Q & A on Chargeback Representments

When a merchant is faced with a disputed transaction — more formally known as a chargeback — they basically have two choices: accept the chargeback or fight it. Accepting the chargeback essentially means losing the value of the transaction, along with any chargeback fees that their payment partner may charge. The alternative is to fight the chargeback, which is known as a representment. Representment allows the merchant to make their case that a transaction was, in fact, valid. Here are some common questions and answers on chargeback representment:

How soon should a merchant respond to a chargeback?

If a merchant intends on disputing a chargeback, they should do so as soon as possible. Rules vary by network, but merchants have up to 45 days to file a representment from the day that a charge was disputed, so it is best to respond as soon as possible. Be ready to provide the acquirer with any documentation that can show a transaction was fulfilled and was valid.

Who should initiate the representment?

One of the functions of a merchant acquirer is to review disputed chargebacks and help merchants recover potential losses. It is the acquirer’s job to do the initial research on a transaction and determine if they need more information from the merchant or if they should represent the transaction. So the merchant acquirer is responsible for representing a transaction or requesting additional information from the merchant.

What happens after a chargeback representment?

There are two possible scenarios once a chargeback is re-presented to a cardholder’s bank:

  • The issuer accepts the representment and re-posts the transaction to the cardholder’s account. This is a favorable result for the merchant and they receive the funds for the transaction without incurring any chargeback fees.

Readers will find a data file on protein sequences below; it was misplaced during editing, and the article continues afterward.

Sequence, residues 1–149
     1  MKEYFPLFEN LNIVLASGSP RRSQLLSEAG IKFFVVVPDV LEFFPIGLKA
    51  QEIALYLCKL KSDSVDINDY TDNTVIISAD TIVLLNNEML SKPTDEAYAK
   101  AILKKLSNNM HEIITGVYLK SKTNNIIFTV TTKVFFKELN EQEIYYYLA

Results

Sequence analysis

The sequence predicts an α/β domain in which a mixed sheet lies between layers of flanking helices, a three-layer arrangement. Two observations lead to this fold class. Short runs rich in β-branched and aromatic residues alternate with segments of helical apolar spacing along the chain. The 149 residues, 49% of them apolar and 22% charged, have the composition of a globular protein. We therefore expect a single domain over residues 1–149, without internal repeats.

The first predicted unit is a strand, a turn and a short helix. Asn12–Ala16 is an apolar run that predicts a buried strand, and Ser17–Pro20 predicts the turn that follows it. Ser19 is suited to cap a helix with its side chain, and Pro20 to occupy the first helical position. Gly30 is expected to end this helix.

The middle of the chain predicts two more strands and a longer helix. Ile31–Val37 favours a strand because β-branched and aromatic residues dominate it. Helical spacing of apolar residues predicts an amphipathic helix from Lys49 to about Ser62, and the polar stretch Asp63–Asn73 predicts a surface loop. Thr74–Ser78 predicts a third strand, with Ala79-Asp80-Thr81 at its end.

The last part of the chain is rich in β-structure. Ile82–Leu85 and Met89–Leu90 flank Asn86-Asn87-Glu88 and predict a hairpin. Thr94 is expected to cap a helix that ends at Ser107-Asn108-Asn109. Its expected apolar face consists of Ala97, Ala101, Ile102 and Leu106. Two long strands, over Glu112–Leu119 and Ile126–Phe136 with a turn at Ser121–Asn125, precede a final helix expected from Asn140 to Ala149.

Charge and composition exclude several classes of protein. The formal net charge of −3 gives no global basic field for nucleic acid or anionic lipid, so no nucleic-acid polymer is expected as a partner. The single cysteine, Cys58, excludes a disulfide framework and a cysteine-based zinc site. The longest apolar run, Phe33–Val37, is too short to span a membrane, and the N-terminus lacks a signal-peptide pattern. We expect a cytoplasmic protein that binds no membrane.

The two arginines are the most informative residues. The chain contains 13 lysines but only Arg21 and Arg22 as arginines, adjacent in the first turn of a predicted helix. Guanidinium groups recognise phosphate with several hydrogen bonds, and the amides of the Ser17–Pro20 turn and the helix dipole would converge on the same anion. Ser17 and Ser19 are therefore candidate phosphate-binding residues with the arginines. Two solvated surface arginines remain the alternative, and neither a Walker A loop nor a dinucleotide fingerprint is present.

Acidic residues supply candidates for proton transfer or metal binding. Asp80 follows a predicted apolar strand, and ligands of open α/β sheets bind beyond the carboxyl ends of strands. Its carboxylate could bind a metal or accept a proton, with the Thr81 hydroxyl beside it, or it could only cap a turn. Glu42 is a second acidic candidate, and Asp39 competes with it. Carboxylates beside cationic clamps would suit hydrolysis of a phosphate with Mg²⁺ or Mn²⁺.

• The acquirer re-presents the transaction to the cardholder’s bank with supporting information that an order was fulfilled or that a transaction was valid, but the bank does not reverse the chargeback. Merchants do have the option of requesting arbitration with their merchant acquirer and providing additional information.

What are some best practices to receive a favorable representment decision?

The easiest way for merchants to win a disputed chargeback is to have best practices throughout the transaction process. The good news is that 41 percent of representments result in a win for merchants, but successfully disputing a chargeback requires merchants to have some good internal procedures. Maintaining good records, such as order forms, shipping information and tracking numbers, as well as making it easy for a customer to contact you are all ways that you can avoid chargebacks in the first place. Providing compelling evidence that refutes a cardholder’s claim is the best way to have a favorable representment outcome.

Chargebacks are a common occurrence, and merchants should know their rights and understand chargeback rules and fees. Of course, this can be difficult (Visa’s chargeback guidelines are nearly 100 pages, while MasterCard’s are more than 400 pages), but it is recommended that you review your acquirer’s documentation to at least have a basic understanding of your options when a chargeback does arise.